<b>Swann Auction Galleries Dec 8:</b> Maps & Atlases, Natural History & Colored Plate Books
    <b>Swann Auction Galleries Nov 17:</b> Printed & Manuscript Americana
    <b>Swann Auction Galleries Dec 1:</b> Art, Press & Illustrated Books
    <b>Swann Auction Galleries Sep 29:</b> Illustration Art
    <b>Swann Auction Galleries Nov 3:</b> Old Master Through Modern Prints
  • <b>Bonhams: Fine Books and Manuscripts. Sept. 21, 2016</b>
    <b>Bonhams Sept. 21:</b> WARREN, JOSEPH. Letter Signed ("Jos Warren") as Chairman of the Committee of Safety. Cambridge, MA, June 4, 1775.
    <b>Bonhams Sept. 21:</b> WHITMAN, WALT. Leaves of Grass. Brooklyn, NY: [for the Author], 1855.
    <b>Bonhams Sept. 21:</b> JEFFERSON, THOMAS. Printed Broadside Signed ("Th: Jefferson") as Secretary of State. Philadelphia, February 12, 1793.
    <b>Bonhams Sept. 21:</b> CELLINI, BENVENUTO. 1500-1571. Autograph Letter Signed ("Beto. Cellini"). [Florence, c.1566].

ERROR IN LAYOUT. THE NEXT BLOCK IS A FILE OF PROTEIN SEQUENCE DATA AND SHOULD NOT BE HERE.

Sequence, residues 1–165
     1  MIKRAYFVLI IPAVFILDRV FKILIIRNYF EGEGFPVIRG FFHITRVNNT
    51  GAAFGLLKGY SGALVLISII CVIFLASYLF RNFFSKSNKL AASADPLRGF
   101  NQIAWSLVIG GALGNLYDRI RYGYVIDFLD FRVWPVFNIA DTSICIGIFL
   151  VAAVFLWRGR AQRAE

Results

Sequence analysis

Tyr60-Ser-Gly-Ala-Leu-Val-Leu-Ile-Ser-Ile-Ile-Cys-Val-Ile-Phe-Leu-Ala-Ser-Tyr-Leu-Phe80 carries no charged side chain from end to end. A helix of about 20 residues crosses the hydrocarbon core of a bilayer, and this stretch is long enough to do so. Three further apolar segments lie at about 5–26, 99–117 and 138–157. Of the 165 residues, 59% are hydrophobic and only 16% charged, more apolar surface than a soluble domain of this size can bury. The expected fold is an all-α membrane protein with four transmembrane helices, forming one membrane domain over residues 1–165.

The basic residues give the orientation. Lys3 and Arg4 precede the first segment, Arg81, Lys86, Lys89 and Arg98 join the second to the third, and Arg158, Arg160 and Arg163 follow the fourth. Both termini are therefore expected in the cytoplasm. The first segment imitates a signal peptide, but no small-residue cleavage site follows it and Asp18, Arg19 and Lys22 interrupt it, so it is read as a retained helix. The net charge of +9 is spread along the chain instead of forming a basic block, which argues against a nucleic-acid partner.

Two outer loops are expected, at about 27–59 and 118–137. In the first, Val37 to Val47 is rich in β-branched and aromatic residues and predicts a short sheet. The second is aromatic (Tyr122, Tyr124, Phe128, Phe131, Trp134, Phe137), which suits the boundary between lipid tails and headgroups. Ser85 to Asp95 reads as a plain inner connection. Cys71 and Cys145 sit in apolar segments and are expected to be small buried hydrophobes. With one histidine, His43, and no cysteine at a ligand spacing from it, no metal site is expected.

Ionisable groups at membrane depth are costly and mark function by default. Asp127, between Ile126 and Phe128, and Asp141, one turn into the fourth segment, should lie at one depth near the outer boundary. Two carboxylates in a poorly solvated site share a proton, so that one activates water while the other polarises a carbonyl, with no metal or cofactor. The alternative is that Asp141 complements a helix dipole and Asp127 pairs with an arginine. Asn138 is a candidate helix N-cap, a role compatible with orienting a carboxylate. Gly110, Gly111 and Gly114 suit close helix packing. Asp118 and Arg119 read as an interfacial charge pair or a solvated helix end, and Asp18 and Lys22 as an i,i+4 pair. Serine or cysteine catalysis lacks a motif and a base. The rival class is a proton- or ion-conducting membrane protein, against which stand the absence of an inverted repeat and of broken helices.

<b>Bonhams: Fine Books and Manuscripts. Sept. 21, 2016</b>
    <b>Bonhams Sept. 21:</b> NAPOLEON BONAPARTE. Autograph Manuscript. [c.1795].
    <b>Bonhams Sept. 21:</b> DICKENS, CHARLES. Great Expectations. London: Chapman and Hall, 1861.
    <b>Bonhams Sept. 21:</b> REED, JOHN. To the Honourable House of Representatives of the Freemen of Pennsylvania this Map of the City and Liberties of Phiadelphia With the Catalog of Purchasers is Humbly Dedicated.... [Philadelphia]: engraved by James Smit
    <b>Bonhams Sept. 21:</b> ELIOT, THOMAS STEARNS. The Waste Land. New York: Boni and Liveright, 1922.

Article Search

Archived Articles

Ask Questions